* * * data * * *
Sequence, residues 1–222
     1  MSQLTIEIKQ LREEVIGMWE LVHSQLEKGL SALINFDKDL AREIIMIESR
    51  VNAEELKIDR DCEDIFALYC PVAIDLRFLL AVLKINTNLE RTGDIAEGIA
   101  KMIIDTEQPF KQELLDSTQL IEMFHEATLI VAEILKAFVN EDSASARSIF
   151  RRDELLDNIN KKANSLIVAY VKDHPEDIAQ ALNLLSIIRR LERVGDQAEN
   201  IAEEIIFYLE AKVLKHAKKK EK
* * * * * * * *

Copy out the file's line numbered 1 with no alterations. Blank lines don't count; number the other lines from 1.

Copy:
Sequence, residues 1–222